R.R. Reno on Pop(e) Francis
Date: January 4th, 2015
After about two years on the job, Pope Francis — the Jesuit pontiff from Argentina — continues to capture the popular imagination of Catholics and non-Catholics around the world. His direct way of communication and simple style of living enamor him to many. We invite Dr. R.R. (Rusty) Reno, editor of First Things and former professor of theology at Creighton University, to discuss a recent article he wrote for Christianity Today entitled “Pop Francis: From Secular Journalists to Charismatic Christians, Why So Many of Us Are Taken with the Jesuit from Argentina.”
We start out the discussion with a little revelation about Rusty’s own spiritual journey noting that he recently converted to Catholicism from his former Episcopal upbringing, similar to recent guest Jim Tonkowich. Our opening comments also include a deep theological exploration of whether dogs go to heaven, as Pope Francis was reported to have said. Tony plays his Protestant trump card by noting that none other than Martin Luther declared our canine companions will have golden tails in the Kingdom to come. Dr. Reno reassures Tony that Catholic theology holds a special place for all God’s creation, a point that helps put Rocky Barkington (the RoR mascot) at ease.
We use this discussion on heavenly dogs to springboard a discussion on how the media has treated Pope Francis. Rusty points out that Francis did not explicitly state that dogs go to heaven, but was rather citing another person and the press picked up this statement and ran with it. This tendency of the popular media is not uncommon and has been repeated in other areas from the pope’s statements on capitalism to matters of sexual ethics including homosexuality. Rusty provides a few reasons for this including the media’s reading of the Vatican through a modern, secular lens, as well as Francis’s own tendency to be rhetorically provocative. Unlike his predecessors, Francis loves to speak off-the-cuff and has a homiletic style that stops people in their tracks in order to get them to think. Rusty also provides some interesting thoughts about how people of our age tend to accept the “changing status quo” and how this affects the way we view the new pope.
We then dive into some background on Msgr. Bergoglio , with Rusty clarifying some of Tony’s confusion about the choice his pontifical name. (Rusty also helps Tony pronounce “Bergoglio.”) First, we find out that it is technically correct to call him Pope Francis, not Francis I (as some evangelical editors are quick to write). Second, “Francis” does refer to the founder of the Franciscans — St. Francis of Assisi, and not necessarily Francis Xavier — the Jesuit co-founder, who also was influenced by the earlier Francis. This moves us into the lengthier portion of our discussion of how Pope Francis is motivated by the “way of poverty” and the “way of literalism,” which was central to the lifestyle and mission of Francis of Assisi. We discuss how the pontiff has put this into action, including an interesting observation that the pope does not wear the traditional red leather shoes seen on other pontiffs. Rusty observes that the “monarchical tendencies” of the papacy have gradually been fading away and Pope Francis is taking this one step further.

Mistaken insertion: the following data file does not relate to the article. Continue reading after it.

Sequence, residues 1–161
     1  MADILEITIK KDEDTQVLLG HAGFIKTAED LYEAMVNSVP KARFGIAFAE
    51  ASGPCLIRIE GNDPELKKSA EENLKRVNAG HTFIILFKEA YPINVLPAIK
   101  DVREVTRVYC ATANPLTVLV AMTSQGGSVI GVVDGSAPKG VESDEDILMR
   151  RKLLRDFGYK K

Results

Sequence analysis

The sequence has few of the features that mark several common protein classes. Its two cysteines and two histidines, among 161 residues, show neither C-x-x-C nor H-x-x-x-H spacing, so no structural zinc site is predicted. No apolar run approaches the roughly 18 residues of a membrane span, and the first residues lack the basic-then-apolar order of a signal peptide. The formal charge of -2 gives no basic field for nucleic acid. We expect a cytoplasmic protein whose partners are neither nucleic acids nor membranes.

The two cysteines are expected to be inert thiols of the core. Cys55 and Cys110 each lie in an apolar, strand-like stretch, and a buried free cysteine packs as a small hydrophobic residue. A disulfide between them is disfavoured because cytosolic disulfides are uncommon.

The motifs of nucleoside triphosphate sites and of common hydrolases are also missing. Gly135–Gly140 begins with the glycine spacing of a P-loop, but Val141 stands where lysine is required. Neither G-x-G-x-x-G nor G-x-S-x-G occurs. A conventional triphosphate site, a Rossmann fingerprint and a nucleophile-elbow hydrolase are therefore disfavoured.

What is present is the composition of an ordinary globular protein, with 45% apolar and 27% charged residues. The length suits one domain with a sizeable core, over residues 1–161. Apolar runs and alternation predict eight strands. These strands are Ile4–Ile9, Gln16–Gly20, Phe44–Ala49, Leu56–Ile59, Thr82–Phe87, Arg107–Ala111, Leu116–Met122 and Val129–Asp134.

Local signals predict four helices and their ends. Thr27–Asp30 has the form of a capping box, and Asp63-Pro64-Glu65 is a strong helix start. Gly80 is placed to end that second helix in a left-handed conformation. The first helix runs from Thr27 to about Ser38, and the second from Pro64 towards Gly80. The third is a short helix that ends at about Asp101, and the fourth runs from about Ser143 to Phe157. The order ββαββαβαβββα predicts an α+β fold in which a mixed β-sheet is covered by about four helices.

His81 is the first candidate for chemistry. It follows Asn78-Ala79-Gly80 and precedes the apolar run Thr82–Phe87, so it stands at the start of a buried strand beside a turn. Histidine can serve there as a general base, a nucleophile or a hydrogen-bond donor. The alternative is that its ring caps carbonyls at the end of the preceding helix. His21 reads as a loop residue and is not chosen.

Our conversation also covers why an “outsider” was chosen as pope this time around and the task of bureaucratic reform that he faces. Rusty speculates that Pope Francis is the “rhetorical bad guy” that is critical of the Curia, and points to the pontiffs Christmas Eve sermon directed at the bureaucracy. Along with these public pronouncements, the pope is working with an inner circle of Cardinals who are doing the grunt work of cleaning up some of the sclerosis and potential puddles of corruption within the organization. Dr. Reno mentions the Vatican Bank as one area where changes have been made. We talk about the task ahead and the challenges of reforming such a large organization that has immense institutional momentum.
Finally, Rusty shares some of his reflections on the future of the Church and Christianity by providing an observation about human nature. Despite the ongoing chase for material well-being, humans seek to free themselves from idols and desire and Pope Francis’s example of living a life closer to God can be inspiring for many around the world. Recorded: December 29, 2014.
R.R. Reno’s blog posts at First Things.
“Pop Francis: Why Everyone Loves the Pope,” by R.R. Reno in Christianity Today (full article requires subscription).
Fighting the Noonday Devil, and Other Essays, Personal and Theological, by R.R. Reno.
Sanctified Vision: An Introduction to Early Christian Interpretation of the Bible, by John O’Keefe and R.R. Reno.
In the Ruins of the Church Sustaining Faith in an Age of Diminished Christianity, by R.R. Reno.
Pope Francis’s Presentation of the Christmas Greetings to the Roman Curia (December 22, 2014).
Jim Tonkowich on Converting to Catholicism.
Jeremy Lott on the Religious Newsmakers of 2013.
Jeremy Lott on the Media’s Pope-O-Rama.
James Felak on Picking Pontiffs and Pope Francis I.
James Felak on Pope Pius XII, the Wartime Pontiff.
James Felak on Vatican Council II.
James Felak on John Paul II and Communism.
John M. Sweeney on the Pope Who Quit.
Margarita Mooney on Her Monastic Vacation.
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